Like 'time', everyone knows what ageing is until we try to pin it down. When does it begin? How does it happen and why? What lies ahead for each of us individuals, and would we want to live forever, given the option?
The question of how and why organisms age has teased scientists for centuries, yet there is still no agreement. There are a myriad of competing theories, from the idea that ageing is a simple wear and tear process, like the rusting of a car, to the belief that ageing and death are genetically programmed and controlled. In fact, there is no clearly defined limit to life, and no single, predictable programme playing itself out: different things are happening within and between tissues, and each system or organ accumulates damage at its own pace, according to the kind of insults imposed on it by daily living.
Sometime before 2020, the number of people over sixty-five worldwide will, for the first time, be greater than the number of 0-4 year olds; and by 2050 there are likely to be 2.5 times as many older people in the world as toddlers. With statistics like these, society is understandably preoccupied with the 'greying of the world', and there is a huge community of scientists exploring the phenomenon from every angle. Sue Armstrong tells the story of society's quest to understand ageing through the eyes of the scientists themselves, as well as through the 'ordinary' people who exemplify the mysteries of ageing – from those who suffer from the premature ageing condition, Hutchinson-Gilford syndrome, to people still running marathons in their 80s.
Borrowed Time will investigate such mind-boggling experiments as transfusing young blood into old rodents, and research into transplanting the first human head, amongst many others. It will explore where science is taking us and what issues are being raised from a psychological, philosophical and ethical perspective, through interviews with, and profiles of, key scientists in the field and the people who represent interesting and important aspects of ageing.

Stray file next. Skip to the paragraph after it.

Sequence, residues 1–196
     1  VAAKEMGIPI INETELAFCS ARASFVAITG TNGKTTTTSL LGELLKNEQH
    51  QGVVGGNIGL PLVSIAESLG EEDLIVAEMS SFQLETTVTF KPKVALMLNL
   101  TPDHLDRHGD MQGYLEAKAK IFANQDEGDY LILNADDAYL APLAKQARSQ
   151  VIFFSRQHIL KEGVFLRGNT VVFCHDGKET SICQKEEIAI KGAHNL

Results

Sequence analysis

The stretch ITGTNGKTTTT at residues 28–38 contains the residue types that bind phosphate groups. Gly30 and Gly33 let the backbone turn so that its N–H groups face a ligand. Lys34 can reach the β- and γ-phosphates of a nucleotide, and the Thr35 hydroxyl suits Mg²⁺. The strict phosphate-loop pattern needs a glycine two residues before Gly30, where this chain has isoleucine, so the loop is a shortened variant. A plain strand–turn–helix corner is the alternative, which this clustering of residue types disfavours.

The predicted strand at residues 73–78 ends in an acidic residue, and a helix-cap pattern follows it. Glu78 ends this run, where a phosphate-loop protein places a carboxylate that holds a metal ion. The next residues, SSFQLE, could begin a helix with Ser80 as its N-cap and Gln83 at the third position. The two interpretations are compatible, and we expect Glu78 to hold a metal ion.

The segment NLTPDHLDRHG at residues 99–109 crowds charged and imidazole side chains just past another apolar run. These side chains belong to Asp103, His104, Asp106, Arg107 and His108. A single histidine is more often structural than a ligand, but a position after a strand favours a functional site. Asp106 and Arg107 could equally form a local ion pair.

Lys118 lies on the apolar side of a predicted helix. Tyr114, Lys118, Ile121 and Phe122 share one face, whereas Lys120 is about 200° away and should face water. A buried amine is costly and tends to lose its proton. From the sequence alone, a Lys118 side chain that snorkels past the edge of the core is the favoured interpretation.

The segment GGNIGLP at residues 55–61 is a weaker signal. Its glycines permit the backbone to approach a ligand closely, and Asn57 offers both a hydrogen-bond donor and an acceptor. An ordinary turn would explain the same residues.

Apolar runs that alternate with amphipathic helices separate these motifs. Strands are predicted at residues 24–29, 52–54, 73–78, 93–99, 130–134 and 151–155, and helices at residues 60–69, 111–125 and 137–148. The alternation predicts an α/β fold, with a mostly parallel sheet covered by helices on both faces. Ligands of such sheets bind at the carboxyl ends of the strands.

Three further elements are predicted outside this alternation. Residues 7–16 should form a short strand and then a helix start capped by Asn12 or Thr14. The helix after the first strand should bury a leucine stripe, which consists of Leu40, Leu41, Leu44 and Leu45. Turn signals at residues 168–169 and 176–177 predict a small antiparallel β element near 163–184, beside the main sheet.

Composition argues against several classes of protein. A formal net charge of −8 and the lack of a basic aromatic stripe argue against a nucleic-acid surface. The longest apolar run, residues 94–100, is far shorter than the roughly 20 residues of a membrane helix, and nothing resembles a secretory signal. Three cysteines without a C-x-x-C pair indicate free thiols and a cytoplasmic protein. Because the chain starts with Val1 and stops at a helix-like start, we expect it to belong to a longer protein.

About the Author
Sue Armstrong is a science writer and broadcaster based in Edinburgh. She has worked for a variety of media organisations, including New Scientist, and since the 1980s has undertaken regular assignments for the World Health Organization (WHO) and UNAIDS, writing about women's health issues and the AIDS pandemic, among many other topics, and reporting from the frontline in countries as diverse as Haiti, Papua New Guinea, Uganda, Thailand, Namibia and Serbia.
Sue has been involved, as presenter, writer and researcher, in several major documentaries for BBC Radio 4; programmes have focused on the biology of ageing, and of drug addiction, alcoholism, obesity, AIDS, CJD, cancer and stress. Her previous book was P53: The Gene that Cracked the Cancer Code, also published with Bloomsbury Sigma. It has been highly commended by the BMA Book Award.
Engrossing questions throng science writer Sue Armstrong's round-up of research on the biology of ageing. A rich, timely study for the era of 'global ageing'. * Nature *
A fine introduction to the research and controversies about how we age. * Times Literary Supplement *
Complex, nuanced and cautious, yet it suggests we are on the brink of a revolution. * The Sunday Times *
Ms Armstrong doesn't pretend that there is any one answer to the question of why we age as we do. The science she presents is a grab bag of divergent theories, each championed by a scientific subspeciality. * Wall Street Journal *
As a seventy-five-year-old man I felt oddly rejuvenated by this book. Try it yourself! -- Professor Steve Jones
Sue Armstrong's book humanely tackles ageing in a way that is grounded, philosophical and makes the most complex science accessible to lay people like me. While not dangling false hopes of innovatory medical cures, it is full of hope about the strides being made in gerontology and pharmacology. And while I may be getting older, the vigour of this book is life-enhancing. -- Claire Fox, Director of the Academy of Ideas and panellist on BBC Radio 4's The Moral Maze
Authoritative, comprehensible and fun to read. The book ageing research has been waiting for. -- Richard Faragher, Professor of Biogerontology at the University of Brighton
Borrowed Time gives a wonderful overview of the fast-evolving science of longevity. I thoroughly recommend this book as a primer on what will become a key industry in the next two decades or so. * Jim Mellon, Chairman, Juvenescence Ltd. *